- January 26, 2022
You may not need a Pap test or pelvic exam every year, but there are plenty of reasons to check in with your doctor for an annual well-woman visit. Regularly seeing your personal care provider or gynecologist regarding your female reproductive health assures that you set the right schedule for screenings and exams, are prepared
You may not need a Pap test or pelvic exam every year, but there are plenty of reasons to check in with your doctor for an annual well-woman visit. Regularly seeing your personal care provider or gynecologist regarding your female reproductive health assures that you set the right schedule for screenings and exams, are prepared for and coping well with your changing body as you age, and you are emotionally and physically healthy.
In addition to determining the appropriate schedule for your Pap test and pelvic exam, the doctor performs a breast exam and looks at your major body systems, including the heart and lungs. During the physical exam, your doctor will examine your thyroid, breasts, and abdomen for any lumps, bumps, or abnormalities. The doctor will screen for depression, domestic abuse and ask about specific concerns.
To gain the most from your exam, bring a record of your menstrual cycle over the past 6-12 months. Note any changes in length, frequency or regularity. Bring a list of any medications you take, allergies, and changes in your family history, particularly with breast and ovarian cancer. The annual exam is a good place to lay out problems you want to tackle, from severe PMS to urinary incontinence, or vaginal dryness. These topics may not be addressed completely in one visit, but you and your doctor can form an action plan, and you may even leave with the next steps scheduled.
Here are the main ages and stages of womanhood, along with common areas of focus for your well- woman visits:
13-15/First Visit: Young women should have their first visit with a gynecologist between the ages of 13–15. This exam doesn’t include a Pap test or internal pelvic exam, but it lays the groundwork for conversations about sexually transmitted diseases (STDs), birth control, and menstrual health. At this first exam, you may want to talk about heavy menstrual bleeding or cramps, and other issues related to your monthly cycle.
Early 20s-40s/Reproductive years: You should have your first internal pelvic exam and Pap test at age 21. These screening tests should typically be repeated every two-five years. At each yearly exam, the doctor may screen for STDs, give advice on contraception or birth control, and address problems with your menstrual cycle, including PMS, heavy bleeding, and cramps. At some point, you may do some prenatal planning to assure you have proper immunizations, a healthy weight, and a good diet and exercise routine before becoming pregnant. If you are trying to become pregnant without success, you can discuss options and possibly be referred to a fertility specialist. During your 30s and by age 40, you will discuss when to have your first mammogram, and an appropriate schedule for this screening test for breast cancer.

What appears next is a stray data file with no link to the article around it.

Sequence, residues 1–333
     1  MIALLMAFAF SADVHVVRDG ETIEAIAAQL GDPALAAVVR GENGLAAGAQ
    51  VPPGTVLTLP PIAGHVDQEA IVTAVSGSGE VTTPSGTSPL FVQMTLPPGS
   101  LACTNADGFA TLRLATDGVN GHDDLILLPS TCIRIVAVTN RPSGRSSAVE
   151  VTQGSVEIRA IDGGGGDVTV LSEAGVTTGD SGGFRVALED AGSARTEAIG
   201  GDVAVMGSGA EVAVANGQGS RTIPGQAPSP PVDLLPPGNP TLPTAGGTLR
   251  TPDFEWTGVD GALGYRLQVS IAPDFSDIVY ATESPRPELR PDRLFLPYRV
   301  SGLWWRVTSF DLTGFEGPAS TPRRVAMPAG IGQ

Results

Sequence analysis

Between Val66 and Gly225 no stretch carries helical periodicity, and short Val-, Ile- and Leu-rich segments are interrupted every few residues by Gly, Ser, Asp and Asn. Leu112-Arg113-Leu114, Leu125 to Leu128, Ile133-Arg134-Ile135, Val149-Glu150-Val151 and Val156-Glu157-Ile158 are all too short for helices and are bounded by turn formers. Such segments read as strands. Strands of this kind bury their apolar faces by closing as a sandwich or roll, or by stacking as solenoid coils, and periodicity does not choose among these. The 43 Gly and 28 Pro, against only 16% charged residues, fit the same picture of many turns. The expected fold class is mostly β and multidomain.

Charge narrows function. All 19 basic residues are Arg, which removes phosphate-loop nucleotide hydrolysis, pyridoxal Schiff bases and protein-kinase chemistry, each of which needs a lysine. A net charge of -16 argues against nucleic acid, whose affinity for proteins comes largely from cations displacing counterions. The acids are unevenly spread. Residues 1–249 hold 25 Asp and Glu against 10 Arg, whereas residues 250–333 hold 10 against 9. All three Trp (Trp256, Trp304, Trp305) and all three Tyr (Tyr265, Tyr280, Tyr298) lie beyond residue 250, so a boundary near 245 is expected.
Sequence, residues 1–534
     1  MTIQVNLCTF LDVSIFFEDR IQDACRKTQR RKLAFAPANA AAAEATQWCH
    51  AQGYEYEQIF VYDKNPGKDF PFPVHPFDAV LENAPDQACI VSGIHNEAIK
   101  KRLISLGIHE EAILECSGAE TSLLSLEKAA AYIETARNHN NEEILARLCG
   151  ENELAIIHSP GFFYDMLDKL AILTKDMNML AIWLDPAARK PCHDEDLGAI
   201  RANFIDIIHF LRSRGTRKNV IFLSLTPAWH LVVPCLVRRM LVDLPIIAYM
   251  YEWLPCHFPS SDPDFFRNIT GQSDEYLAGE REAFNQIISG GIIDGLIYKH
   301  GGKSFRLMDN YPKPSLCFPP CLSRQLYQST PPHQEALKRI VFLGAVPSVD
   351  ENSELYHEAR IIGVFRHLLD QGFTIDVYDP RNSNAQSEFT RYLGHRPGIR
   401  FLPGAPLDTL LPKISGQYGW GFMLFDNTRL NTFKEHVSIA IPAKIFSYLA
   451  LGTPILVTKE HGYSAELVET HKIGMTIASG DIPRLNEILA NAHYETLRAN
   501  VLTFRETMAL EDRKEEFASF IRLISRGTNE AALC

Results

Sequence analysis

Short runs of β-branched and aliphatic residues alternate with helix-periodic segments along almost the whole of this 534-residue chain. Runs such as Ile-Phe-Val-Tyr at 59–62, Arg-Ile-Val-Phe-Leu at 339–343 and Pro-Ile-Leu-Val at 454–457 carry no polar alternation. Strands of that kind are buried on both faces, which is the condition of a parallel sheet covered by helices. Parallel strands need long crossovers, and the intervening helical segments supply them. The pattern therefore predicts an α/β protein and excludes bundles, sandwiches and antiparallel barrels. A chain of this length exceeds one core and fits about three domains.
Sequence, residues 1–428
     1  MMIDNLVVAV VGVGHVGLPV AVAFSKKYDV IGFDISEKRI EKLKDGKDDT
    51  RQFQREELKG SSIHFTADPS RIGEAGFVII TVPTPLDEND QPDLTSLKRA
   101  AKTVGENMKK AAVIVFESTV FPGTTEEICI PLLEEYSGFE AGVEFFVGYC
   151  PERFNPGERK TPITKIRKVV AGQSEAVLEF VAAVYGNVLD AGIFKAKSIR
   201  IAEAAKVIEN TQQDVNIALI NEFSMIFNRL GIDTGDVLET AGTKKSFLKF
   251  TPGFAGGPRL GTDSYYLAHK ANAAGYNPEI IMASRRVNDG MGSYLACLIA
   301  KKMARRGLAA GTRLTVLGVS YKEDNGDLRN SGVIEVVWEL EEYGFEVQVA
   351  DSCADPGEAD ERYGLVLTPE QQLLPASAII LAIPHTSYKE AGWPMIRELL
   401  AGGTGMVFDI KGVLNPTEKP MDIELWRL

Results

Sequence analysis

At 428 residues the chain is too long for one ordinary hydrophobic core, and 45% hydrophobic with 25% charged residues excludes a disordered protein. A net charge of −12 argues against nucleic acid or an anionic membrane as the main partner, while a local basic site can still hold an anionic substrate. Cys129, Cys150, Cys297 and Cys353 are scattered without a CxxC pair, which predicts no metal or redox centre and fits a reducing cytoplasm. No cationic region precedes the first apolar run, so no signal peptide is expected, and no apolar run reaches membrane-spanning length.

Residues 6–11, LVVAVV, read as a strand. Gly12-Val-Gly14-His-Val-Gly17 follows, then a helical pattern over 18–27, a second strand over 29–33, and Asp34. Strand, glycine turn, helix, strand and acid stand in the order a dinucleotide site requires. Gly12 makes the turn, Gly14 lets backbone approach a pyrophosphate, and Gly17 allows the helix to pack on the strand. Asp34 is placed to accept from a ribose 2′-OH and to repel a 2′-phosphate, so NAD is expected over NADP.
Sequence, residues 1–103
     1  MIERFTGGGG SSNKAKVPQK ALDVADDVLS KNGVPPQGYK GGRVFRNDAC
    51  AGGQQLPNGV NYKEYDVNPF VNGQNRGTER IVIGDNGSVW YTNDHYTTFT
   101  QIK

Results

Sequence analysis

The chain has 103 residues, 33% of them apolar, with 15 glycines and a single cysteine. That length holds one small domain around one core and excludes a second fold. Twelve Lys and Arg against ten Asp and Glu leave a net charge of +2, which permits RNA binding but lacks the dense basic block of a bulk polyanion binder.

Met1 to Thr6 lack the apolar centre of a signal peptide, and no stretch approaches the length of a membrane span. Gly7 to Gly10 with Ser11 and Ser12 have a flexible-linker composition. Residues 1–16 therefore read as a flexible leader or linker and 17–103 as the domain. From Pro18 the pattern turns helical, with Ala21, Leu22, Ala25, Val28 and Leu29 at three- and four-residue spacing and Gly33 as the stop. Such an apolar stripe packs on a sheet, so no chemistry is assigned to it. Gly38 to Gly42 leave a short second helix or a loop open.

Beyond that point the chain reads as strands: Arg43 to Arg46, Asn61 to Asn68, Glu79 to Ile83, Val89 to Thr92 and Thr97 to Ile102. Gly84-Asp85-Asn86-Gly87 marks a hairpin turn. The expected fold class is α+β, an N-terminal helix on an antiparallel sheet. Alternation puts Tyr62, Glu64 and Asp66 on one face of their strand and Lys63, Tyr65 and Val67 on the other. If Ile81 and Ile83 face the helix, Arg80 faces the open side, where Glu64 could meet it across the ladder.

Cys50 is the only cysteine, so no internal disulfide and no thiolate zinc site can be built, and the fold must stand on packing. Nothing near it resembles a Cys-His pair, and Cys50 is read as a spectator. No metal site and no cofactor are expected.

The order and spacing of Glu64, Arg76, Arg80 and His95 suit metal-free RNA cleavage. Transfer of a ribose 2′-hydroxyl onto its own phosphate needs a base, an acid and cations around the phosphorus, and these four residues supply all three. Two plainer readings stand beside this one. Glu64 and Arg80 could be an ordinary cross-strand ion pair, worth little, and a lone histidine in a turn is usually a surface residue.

Ages 45-60/Perimenopause: During these visits, typically when a woman is 45-60, discussions include menopausal symptoms, birth control or contraception, STDs and irregular menstrual cycles. The OB/GYN will discuss the pros and cons of hormone therapy and other treatments that can relieve some menopausal symptoms.
60+/Menopause: Common concerns at these exams include breast cancer screening, sexual health, and any post-menopausal bleeding, which should be reported immediately. Urinary symptoms should also be reported because these can often be addressed through a referral to a urologist or with physical therapy.
It’s tempting to skip or put off well-woman exams, but with regular visits, you develop a good relationship with your doctor and give him or her the best opportunity to take excellent care of you.
By: Joshua Stutzman, DO, FACOG
OB/GYN specialist at UPMC Susquehanna
Dr. Joshua Stutzman is an OB/GYN specialist at UPMC Susquehanna.